Sizemore expressed concerns about retaining employees because of the lack of quality childcare. He stated that he is about to lose a valued employee because of this. Furthermore, the county will soon face a “silver tsunami” with 63 percent of the county workforce about to retire. Without reliable childcare, the county will not be able to hire and retain new, younger workers. Sizemore is exploring the possibility of Klickitat County supporting a childcare center by making a county building available after the new county building is built. “Do taxpayers think the county should provide childcare?” he asked. Although nothing can be guaranteed, he felt childcare would benefit both county employees and citizens and is worth discussing. He intends to ascertain the feasibility of such a project to determine costs and liabilities.

Mosbrucker expressed frustration with Gov. Jay Inslee. “This crisis in childcare does not just affect our area; there is a need all across the state,” she said. She believes the problem is partly due to burdensome regulation of requirements needed to become a licensed provider. She stated that legislation recently passed the House and Senate that would have streamlined the licensing process for daycares but was vetoed by Inslee. Another bill proposed to reduce the licensing process simply died.

Mosbrucker encouraged citizens to contact her office for assistance expediating response from Childcare Aware and/or other agencies and went on to offer to investigate funding for improvements such as sprinkler systems required for commercial facilities. She stated that scholarships are available to help with other costs as well.

Despite the roadblocks, some progress is being made. Leann Mell has recently been licensed as a childcare provider here in Goldendale. She opened a center at the Community Grace Brethren Church called Grace Kidz, an after-school care program for school aged kids which started accepting children for care on Nov. 1.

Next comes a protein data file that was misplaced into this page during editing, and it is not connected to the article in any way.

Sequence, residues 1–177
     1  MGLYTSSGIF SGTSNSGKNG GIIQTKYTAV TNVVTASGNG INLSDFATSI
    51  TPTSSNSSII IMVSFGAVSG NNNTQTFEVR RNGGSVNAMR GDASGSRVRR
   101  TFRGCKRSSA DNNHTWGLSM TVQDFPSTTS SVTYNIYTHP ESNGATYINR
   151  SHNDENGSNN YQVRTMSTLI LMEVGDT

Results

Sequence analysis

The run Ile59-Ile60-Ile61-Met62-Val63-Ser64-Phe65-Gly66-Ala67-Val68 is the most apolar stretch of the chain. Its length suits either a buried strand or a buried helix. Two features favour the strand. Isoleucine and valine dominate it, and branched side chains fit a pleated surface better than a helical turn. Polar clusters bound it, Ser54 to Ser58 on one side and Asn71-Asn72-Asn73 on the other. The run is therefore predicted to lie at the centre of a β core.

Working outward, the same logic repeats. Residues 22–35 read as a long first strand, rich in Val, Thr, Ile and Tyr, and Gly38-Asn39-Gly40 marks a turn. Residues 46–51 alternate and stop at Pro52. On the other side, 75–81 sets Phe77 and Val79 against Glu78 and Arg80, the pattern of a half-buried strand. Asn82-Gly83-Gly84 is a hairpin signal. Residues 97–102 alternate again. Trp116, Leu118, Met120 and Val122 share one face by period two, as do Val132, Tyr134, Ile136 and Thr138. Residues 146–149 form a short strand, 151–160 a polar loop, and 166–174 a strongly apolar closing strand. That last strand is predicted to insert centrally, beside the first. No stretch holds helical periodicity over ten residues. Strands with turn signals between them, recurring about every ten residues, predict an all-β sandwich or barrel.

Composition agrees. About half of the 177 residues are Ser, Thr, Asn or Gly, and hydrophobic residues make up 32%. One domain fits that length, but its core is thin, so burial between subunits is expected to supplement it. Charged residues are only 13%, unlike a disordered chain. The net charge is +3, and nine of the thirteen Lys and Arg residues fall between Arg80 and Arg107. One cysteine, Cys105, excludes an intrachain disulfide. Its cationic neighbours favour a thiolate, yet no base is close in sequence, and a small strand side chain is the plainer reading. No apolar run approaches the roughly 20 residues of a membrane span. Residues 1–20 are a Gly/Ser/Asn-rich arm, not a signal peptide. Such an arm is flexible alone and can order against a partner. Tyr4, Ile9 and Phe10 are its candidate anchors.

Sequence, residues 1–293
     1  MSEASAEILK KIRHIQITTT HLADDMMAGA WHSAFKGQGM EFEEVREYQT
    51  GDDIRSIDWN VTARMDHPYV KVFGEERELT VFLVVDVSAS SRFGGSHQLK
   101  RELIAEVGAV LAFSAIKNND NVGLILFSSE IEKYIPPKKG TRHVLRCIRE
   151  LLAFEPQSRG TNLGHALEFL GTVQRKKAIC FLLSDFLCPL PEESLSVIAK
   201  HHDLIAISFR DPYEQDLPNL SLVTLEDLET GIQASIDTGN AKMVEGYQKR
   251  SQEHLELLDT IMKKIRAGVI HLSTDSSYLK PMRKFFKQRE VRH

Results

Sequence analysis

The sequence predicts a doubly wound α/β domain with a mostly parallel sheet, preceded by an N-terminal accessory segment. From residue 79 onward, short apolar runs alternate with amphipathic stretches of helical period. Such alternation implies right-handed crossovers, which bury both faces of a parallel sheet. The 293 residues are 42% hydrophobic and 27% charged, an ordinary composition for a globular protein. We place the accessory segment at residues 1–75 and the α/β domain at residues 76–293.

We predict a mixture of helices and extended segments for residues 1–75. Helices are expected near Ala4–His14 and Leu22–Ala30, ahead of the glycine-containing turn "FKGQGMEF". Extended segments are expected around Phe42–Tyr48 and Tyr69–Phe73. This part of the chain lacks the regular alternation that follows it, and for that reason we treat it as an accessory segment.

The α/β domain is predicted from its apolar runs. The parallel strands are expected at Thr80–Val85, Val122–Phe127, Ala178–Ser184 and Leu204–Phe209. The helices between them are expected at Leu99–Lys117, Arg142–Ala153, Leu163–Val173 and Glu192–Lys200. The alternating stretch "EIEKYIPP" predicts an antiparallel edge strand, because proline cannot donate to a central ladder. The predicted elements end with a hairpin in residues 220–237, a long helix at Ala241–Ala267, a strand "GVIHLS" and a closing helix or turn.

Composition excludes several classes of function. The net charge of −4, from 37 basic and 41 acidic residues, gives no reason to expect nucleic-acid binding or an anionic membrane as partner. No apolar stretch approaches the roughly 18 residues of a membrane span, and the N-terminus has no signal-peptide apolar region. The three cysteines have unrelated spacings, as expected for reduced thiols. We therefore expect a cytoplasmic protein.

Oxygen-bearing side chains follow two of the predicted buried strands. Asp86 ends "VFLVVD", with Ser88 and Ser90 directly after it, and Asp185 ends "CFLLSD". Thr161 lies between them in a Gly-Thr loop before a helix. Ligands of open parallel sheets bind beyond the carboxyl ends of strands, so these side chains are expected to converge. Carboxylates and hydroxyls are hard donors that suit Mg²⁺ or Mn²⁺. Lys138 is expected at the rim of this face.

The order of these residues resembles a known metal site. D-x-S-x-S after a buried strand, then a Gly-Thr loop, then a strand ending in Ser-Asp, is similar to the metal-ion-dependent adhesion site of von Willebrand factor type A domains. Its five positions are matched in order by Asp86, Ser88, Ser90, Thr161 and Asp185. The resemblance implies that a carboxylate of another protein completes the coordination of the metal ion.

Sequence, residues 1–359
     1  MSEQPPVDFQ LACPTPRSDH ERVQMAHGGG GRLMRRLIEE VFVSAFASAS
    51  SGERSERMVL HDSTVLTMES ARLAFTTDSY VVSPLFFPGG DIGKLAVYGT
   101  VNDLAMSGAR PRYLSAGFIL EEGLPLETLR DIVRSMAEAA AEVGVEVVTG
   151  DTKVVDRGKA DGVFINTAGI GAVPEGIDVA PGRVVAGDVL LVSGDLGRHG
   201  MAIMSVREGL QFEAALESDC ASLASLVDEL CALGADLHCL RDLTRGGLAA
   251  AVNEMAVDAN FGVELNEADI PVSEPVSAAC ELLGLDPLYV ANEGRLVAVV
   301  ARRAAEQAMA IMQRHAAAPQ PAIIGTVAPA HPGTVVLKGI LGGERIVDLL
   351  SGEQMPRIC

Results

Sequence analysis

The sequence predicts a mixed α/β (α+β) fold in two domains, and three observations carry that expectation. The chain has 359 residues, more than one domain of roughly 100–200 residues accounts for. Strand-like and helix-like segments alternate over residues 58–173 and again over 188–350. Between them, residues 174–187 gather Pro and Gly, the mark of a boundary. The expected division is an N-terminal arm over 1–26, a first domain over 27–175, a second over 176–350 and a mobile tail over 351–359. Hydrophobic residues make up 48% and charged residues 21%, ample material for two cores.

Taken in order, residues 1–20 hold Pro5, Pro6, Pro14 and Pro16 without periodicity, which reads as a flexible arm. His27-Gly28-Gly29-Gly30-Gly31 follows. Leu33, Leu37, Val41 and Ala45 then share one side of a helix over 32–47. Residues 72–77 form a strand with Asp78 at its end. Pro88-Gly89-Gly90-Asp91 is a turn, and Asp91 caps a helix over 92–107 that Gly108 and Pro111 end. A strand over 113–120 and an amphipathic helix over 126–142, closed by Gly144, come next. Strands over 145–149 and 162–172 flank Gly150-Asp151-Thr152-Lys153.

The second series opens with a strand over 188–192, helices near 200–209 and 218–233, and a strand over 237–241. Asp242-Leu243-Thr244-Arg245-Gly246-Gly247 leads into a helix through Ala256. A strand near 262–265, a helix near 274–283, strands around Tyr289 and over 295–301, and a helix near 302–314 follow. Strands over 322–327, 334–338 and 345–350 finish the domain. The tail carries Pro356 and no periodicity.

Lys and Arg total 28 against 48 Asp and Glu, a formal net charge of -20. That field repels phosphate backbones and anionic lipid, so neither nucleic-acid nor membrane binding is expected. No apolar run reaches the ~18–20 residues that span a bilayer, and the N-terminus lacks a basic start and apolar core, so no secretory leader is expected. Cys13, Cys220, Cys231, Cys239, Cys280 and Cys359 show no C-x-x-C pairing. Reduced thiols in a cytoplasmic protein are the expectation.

Taylor, a child care licensor, stated that she is able to walk potential providers through the licensing process. The process can take as long as 90 days but can be expedited.

Child Care Licensing Supervisor Hay suggested that providers be less concerned with their compensation, considering their services as a calling rather than a career. This attitude highlights the disconnect between potential providers, parents, and the state, according to many in the room. Providers are asked to contend with a daunting array of regulations, take on enormous liabilities, complete and maintain mountains of documentation, all while providing care for active children at a rate of pay that barely touches minimum wage. Meanwhile, childcare costs in Washington State are the fifth highest in the nation and are continuing to rise as more childcare providers are closing, unable to contend with the conditions imposed by the state. In the end, sunnarized one attendee, the children the state is seeking to protect are left without access to the affordable care they need.

Interested persons can learn how to become a licensed provider at, or through Child Care Aware of SW Washington at, or you can call them at (360) 952-3358.

A follow-up meeting was suggested by Mosbrucker; however, a date has not been set yet.